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Why the difference in ABV for the same beer if BB aged?

Discussion in 'Beer Talk' started by Mattyb79, Mar 8, 2013.

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  1. Mattyb79

    Mattyb79 Dec 11, 2012 Virginia
    Beer Trader

    I have noticed this a lot, and just have gotten around to asking the question. Why is there a higher ABV for beers when they are barrel aged vs. the base beer. Is it because the brewer's add extra yeast to cause further fermentation in the barrels....(wait, me thinks exploding barrels, so no.) Is it live yeast still in the beer? Doubt it... (maybe a small amount, but again exploding barrels). I highly doubt it picks up residual alcohol from the barrel (if that's even possible). So why the difference in ABV??? I truly hope it's not due to a different base beer, because that would make every BA vs. Base beer tasting null and void if the ABV was different. Help me out here, o knowledgeable BA's.
  2. 5thOhio

    5thOhio May 13, 2007 South Carolina

    Although I'm no expert, my guess is that water slowly leaches out, leaving a slightly higher concentration of alcohol.
  3. BeerNFoodDood

    BeerNFoodDood Jul 7, 2012 Colorado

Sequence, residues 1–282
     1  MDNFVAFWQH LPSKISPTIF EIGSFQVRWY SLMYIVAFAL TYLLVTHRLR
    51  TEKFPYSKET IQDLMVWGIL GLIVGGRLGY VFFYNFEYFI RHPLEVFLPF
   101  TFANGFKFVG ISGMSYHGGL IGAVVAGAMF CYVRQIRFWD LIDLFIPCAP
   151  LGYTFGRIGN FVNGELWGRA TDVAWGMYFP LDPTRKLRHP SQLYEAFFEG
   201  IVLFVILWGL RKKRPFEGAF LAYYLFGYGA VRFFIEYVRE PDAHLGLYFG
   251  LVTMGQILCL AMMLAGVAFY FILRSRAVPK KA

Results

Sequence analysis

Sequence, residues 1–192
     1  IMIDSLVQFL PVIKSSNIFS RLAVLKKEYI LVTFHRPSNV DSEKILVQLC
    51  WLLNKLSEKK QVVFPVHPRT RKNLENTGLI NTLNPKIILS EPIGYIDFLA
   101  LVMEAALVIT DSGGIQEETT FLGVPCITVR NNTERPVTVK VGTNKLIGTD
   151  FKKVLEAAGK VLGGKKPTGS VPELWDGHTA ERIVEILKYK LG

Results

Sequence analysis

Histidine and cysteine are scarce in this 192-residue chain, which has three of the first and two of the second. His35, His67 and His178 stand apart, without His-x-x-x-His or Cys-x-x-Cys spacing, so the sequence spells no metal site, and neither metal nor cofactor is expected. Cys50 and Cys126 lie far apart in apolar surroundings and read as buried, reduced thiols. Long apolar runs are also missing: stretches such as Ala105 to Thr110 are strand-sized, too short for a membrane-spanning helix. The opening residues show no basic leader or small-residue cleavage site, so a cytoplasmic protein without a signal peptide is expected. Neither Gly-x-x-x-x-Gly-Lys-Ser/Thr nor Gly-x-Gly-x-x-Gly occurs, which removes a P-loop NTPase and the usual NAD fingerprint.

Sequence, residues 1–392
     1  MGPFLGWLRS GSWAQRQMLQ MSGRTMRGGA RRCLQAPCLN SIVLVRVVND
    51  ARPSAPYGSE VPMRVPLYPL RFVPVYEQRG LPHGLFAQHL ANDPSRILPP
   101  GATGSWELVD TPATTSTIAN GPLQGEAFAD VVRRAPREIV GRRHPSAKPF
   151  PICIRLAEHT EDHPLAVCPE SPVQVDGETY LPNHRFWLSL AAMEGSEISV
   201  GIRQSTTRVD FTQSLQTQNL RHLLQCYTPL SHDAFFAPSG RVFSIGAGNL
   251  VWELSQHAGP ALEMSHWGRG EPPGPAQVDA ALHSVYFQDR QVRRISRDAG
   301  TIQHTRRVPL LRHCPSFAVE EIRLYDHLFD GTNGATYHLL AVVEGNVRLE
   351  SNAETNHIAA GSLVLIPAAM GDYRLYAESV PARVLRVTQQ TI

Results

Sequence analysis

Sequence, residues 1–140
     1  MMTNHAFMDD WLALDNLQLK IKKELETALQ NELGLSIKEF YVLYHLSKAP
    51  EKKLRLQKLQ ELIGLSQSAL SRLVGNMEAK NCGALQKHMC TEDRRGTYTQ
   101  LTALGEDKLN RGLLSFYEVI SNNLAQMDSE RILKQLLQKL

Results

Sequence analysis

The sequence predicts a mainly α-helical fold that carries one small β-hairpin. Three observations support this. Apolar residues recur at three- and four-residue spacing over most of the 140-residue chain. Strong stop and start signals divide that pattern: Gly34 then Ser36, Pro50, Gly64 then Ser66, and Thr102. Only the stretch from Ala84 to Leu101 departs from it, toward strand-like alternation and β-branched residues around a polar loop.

Beer Trader

    The beer will definitely gain abv from aging in the barrel. There is residual alcohol pickup from the spirit soaked into the wood and a gain of up to 2% can be seen. There can be over a gallon of spirits soaked into the oak. Evaporation of water from the beer can also occur. Some base beers for BA beers are different as they are brewed specifically for BA.
  4. jlordi12

    jlordi12 Jun 8, 2011 Massachusetts
    Beer Trader

    They don't actually use barrels at all, they just pour some bourbon right in with the base beer and get it directly to market.
  5. Mattyb79

    Mattyb79 Dec 11, 2012 Virginia
    Beer Trader

    Well, you just opened my eyes to a multitude of reasons for the difference in ABV. Never knew that much alcohol could soak into the wood. I'm curious if it would catch more alcohol from something like scotch barrels since they are used more than once than bourbon.
  6. drtth

    drtth Nov 25, 2007 Pennsylvania

    No, the wood can only absorb so much liquid before it gets saturated.
  7. nategibbon

    nategibbon Sep 6, 2008 Illinois

    There can be as much as a pint of liquor left over in the barrel when the brewery receives it, no hidden yeast or magic wood.
  8. JamesShoemaker

    JamesShoemaker Sep 21, 2012 Michigan
    Beer Trader